Refer Quotes (13 quotes)

Confucius once said: our greatest glory is not in never falling, but in getting up every time we do. Scholars believe he was referring to roller coasters.

Einsteins space is no closer to reality than Van Goghs sky. The glory of science is not in a truth more absolute than the truth of Bach or Tolstoy, but in the act of creation itself. The scientists discoveries impose his own order on chaos, as the composer or painter imposes his; an order that always refers to limited aspects of reality, and is based on the observer's frame of reference, which differs from period to period as a Rembrandt nude differs from a nude by Manet.

Euler could repeat the Aeneid from the beginning to the end, and he could even tell the first and last lines in every page of the edition which he used. In one of his works there is a learned memoir on a question in mechanics, of which, as he himself informs us, a verse of Aeneid gave him the first idea. [The anchor drops, the rushing keel is staid.]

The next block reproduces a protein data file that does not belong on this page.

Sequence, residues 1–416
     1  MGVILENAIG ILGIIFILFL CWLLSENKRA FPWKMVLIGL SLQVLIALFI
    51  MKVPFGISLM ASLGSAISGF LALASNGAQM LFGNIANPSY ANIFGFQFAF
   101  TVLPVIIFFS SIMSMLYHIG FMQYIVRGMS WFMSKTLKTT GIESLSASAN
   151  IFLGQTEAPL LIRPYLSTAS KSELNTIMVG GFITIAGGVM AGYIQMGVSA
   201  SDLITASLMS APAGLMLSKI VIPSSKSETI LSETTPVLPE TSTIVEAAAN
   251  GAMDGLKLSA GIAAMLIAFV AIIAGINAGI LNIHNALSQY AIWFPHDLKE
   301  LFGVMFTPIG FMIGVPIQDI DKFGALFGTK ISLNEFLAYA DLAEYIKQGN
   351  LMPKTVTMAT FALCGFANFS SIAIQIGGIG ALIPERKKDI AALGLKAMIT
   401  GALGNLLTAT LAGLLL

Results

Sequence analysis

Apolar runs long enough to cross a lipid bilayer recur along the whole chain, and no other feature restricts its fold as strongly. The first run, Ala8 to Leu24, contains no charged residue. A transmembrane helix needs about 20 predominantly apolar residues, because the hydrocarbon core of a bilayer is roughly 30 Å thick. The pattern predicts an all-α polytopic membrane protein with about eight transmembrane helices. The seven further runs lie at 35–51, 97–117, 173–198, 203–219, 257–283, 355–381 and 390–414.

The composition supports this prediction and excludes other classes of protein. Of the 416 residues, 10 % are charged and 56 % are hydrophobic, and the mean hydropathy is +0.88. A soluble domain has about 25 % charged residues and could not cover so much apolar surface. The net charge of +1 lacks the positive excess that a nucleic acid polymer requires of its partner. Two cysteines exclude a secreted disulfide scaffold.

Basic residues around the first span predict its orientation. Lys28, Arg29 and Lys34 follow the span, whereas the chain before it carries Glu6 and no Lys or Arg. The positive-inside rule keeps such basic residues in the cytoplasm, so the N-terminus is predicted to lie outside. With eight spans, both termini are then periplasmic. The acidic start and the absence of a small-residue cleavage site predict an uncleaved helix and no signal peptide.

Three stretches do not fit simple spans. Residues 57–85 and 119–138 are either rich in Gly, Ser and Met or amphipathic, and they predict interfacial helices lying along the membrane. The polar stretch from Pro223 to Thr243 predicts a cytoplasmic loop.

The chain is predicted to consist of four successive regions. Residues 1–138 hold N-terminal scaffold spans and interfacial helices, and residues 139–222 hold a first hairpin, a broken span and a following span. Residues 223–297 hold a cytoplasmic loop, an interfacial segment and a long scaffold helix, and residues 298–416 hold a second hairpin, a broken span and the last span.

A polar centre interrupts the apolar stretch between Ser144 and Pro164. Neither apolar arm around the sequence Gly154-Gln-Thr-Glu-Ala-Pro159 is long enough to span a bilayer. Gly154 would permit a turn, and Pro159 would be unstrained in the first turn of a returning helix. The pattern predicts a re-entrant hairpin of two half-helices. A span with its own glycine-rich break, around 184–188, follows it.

I do not intend to go deeply into the question how far mathematical studies, as the representatives of conscious logical reasoning, should take a more important place in school education. But it is, in reality, one of the questions of the day. In proportion as the range of science extends, its system and organization must be improved, and it must inevitably come about that individual students will find themselves compelled to go through a stricter course of training than grammar is in a position to supply. What strikes me in my own experience with students who pass from our classical schools to scientific and medical studies, is first, a certain laxity in the application of strictly universal laws. The grammatical rules, in which they have been exercised, are for the most part followed by long lists of exceptions; accordingly they are not in the habit of relying implicitly on the certainty of a legitimate deduction from a strictly universal law. Secondly, I find them for the most part too much inclined to trust to authority, even in cases where they might form an independent judgment. In fact, in philological studies, inasmuch as it is seldom possible to take in the whole of the premises at a glance, and inasmuch as the decision of disputed questions often depends on an aesthetic feeling for beauty of expression, or for the genius of the language, attainable only by long training, it must often happen that the student is referred to authorities even by the best teachers. Both faults are traceable to certain indolence and vagueness of thought, the sad effects of which are not confined to subsequent scientific studies. But certainly the best remedy for both is to be found in mathematics, where there is absolute certainty in the reasoning, and no authority is recognized but that of ones own intelligence.